Mineral production has been a part of Carbon County's culture for more than 100 years. Crude oil, natural gas, coal, uranium, copper, gold, silver and iron deposits have been discovered here. In recent decades, Carbon County has been able to tap into their oldest and largest source of renewable energy--wind.
The petroleum industry has been exploring for oil and gas in Wyoming for over 135 years.
The HF Sinclair Corporation (HF Sinclair) is Carbon County's top employer, employing over 500 people annually. Located in Sinclair, the refinery produces 85,000-barrels of oil per day. HF Sinclair is a diversified, innovative energy company that manufactures and sells products such as gasoline, diesel fuel, jet fuel, renewable diesel, specialty lubricant products, specialty chemicals, and specialty and modified asphalt, among others.
Wyoming ranks among the top 10 states in both natural gas reserves and marketed natural gas production. Two-thirds of the state's natural gas is produced on federal lands leased by energy companies.
In Carbon County, there are currently two natural gas production projects: the Atlantic Rim Natural Gas Development and the Continental Divide/Creston Natural Gas Development. The projects are managed by the Bureau of Land Management Rawlins Field Office.
Wyoming has some of the greatest wind resources in the nation, especially in Carbon County.
Power Company of Wyoming LLC's Chokecherry and Sierra Madre Wind Energy Project is the largest wind energy development in the county, with the potential to generate 3,000 megawatts of electricity.
PacifiCorp's Foote Creek Rim I , TB Flats, and the Ekola Flats wind energy projects, which generate 495 megawatts of electricity, are located near Medicine Bow. Wind energy projects in Carbon County pay property taxes and electricity generation taxes annually. Carbon County receives more than $500,000 a year just from the electricity taxes paid.
According to the American Clean Power Association in 2021, two-thirds of all of Wyoming’s existing and under-construction wind power capacity was located in Carbon County. ACP also reported that Wyoming had 3,179 MW of existing wind power capacity, 1,168 MW of which was located in Carbon County.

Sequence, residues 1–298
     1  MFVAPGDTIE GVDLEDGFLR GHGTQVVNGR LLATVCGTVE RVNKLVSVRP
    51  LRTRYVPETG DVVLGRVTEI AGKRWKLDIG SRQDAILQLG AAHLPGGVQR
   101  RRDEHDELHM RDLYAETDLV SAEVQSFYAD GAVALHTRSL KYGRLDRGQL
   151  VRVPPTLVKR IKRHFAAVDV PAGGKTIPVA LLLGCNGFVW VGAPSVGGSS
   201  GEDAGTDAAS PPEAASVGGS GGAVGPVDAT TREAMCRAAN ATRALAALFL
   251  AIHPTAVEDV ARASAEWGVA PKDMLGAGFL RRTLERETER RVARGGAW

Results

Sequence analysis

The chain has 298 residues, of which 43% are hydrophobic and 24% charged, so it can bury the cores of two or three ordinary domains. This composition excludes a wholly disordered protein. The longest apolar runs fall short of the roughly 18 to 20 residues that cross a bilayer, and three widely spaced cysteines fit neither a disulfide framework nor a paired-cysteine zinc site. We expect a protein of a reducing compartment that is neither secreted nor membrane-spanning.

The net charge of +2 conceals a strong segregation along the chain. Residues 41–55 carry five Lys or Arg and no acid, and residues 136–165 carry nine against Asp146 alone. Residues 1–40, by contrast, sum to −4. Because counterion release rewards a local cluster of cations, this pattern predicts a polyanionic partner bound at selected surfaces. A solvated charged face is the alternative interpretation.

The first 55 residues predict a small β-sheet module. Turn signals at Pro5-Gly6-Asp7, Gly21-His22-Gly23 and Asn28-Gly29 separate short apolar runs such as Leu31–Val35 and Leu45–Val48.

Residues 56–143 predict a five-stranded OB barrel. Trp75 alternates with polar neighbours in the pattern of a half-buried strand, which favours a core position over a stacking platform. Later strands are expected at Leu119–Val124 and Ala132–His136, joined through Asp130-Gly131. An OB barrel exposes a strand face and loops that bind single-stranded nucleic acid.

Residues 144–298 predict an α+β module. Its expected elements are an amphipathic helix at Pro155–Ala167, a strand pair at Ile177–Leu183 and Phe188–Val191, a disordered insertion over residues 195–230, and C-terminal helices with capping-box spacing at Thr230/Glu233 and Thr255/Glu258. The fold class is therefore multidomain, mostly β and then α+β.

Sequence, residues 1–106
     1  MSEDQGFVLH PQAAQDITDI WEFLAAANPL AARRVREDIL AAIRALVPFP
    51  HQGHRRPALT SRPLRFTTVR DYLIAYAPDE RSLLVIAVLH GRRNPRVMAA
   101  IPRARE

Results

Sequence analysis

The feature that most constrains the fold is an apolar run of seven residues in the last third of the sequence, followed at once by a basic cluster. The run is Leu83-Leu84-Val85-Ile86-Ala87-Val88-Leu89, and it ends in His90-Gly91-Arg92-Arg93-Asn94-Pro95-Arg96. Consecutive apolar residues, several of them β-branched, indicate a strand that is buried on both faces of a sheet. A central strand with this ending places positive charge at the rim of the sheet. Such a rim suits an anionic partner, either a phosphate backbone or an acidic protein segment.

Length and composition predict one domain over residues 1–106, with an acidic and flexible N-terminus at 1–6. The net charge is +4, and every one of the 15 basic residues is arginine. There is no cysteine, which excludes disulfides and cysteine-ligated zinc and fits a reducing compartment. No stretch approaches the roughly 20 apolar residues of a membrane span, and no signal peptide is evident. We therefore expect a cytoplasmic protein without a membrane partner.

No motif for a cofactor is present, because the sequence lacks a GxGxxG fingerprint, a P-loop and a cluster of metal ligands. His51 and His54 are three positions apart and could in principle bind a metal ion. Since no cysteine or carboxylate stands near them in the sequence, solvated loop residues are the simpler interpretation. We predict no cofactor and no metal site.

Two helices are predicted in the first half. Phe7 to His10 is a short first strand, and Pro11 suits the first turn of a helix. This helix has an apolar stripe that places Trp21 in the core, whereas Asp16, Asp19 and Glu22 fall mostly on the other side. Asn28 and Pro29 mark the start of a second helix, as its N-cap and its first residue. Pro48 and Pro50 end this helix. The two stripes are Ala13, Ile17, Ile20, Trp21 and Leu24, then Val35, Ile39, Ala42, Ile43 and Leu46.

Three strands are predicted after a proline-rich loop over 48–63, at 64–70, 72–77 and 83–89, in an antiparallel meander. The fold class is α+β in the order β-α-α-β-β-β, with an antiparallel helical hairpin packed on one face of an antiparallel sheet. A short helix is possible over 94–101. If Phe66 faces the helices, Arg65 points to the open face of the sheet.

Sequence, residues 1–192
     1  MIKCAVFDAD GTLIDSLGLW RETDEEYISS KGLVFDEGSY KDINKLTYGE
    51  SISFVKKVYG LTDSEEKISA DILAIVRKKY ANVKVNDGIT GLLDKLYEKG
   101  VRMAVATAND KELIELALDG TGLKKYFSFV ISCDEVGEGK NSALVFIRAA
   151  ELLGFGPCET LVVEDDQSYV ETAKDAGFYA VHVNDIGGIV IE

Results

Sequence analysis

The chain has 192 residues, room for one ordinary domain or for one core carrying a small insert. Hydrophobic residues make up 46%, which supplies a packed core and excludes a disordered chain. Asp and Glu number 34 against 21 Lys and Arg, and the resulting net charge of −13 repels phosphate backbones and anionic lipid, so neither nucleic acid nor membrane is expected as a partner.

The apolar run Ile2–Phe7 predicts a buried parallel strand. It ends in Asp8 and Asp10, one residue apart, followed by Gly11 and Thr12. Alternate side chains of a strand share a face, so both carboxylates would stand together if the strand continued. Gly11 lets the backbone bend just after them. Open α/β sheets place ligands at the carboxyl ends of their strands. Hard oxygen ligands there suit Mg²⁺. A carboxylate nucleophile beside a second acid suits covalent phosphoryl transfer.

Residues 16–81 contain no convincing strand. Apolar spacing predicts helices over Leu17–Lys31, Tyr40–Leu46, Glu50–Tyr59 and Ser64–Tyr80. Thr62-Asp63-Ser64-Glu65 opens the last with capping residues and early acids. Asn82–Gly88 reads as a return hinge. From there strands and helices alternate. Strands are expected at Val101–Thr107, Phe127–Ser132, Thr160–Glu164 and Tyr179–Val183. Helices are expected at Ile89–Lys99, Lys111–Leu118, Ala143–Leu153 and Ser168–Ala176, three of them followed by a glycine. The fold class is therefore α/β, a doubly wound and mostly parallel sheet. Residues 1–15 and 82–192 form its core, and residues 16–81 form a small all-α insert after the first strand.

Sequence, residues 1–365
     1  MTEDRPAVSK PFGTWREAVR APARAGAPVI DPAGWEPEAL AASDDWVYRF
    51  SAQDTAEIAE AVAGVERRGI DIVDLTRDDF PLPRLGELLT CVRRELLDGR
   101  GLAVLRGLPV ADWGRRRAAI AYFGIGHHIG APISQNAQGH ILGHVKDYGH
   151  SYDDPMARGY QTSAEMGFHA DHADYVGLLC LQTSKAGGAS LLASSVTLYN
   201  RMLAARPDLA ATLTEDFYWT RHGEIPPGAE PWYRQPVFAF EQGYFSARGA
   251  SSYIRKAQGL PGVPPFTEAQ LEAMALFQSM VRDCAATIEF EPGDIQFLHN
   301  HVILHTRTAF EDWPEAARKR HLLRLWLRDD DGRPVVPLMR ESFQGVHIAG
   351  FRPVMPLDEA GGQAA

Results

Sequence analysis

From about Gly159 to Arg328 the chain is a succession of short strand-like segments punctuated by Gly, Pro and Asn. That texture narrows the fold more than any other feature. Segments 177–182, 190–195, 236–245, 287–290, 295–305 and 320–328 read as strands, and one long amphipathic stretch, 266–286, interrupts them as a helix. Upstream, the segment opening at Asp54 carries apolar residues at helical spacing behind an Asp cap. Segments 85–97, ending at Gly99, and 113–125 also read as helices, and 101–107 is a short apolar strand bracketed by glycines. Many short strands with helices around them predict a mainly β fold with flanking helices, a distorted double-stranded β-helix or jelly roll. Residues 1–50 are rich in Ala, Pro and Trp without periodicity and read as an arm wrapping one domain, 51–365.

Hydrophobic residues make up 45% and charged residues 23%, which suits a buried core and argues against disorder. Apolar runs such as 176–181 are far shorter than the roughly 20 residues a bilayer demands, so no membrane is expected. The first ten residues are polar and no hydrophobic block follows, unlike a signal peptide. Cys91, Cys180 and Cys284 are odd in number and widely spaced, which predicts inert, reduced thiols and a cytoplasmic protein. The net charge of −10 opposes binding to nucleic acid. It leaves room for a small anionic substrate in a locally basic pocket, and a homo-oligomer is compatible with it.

The TransWest Express Transmission Project and PacifiCorp's Energy Gateway West and Energy Gateway South transmission lines plan to transport Carbon County's clean and sustainable electric energy throughout the West.
The TransWest Express transmission project will create about 200 construction jobs and 20-30 permanent, good-paying jobs. When complete, the Energy Gateway South transmission project will average about 118 workers during the 26 months of construction.
On August 2, 2013, Lost Creek ISR, LLC, a wholly owned subsidiary of Ur-Energy USA Inc., began uranium production activities at its Lost Creek In Situ Mine north of Rawlins, WY. Innovative design and development have focused on employee and environmental safety, water management practices, and advanced instrumentation monitoring and data capture. First sales of Lost Creek yellowcake were made in December 2013. Since production activities began, Lost Creek production has totaled 2.7 million pounds from its first two mine units. These are the first two of twelve currently planned mine units. Ur-Energy now has nine licensed mine units, with six additional mine units having been added to the Lost Creek license in Q1 2021. Ur-Energy expects to have all permits and authorizations for the LC East/KM expansions in 2022. The 2021 license amendment also increases the license limit for annual plant production to 2.2 million pounds U3O8 which includes wellfield production of up to 1.2 million pounds U3O8 and toll processing up to one million pounds U3O8.
Wyoming has 20 hydropower dams, two of which are located in Carbon County: Seminoe Dam and Kortes Dam. The Seminoe Dam and Powerplant is the first dam on the North Platte River. Kortes Dam is located roughly two miles downstream from Seminoe Dam. The dams have supplied electricity to the West for over 80 years.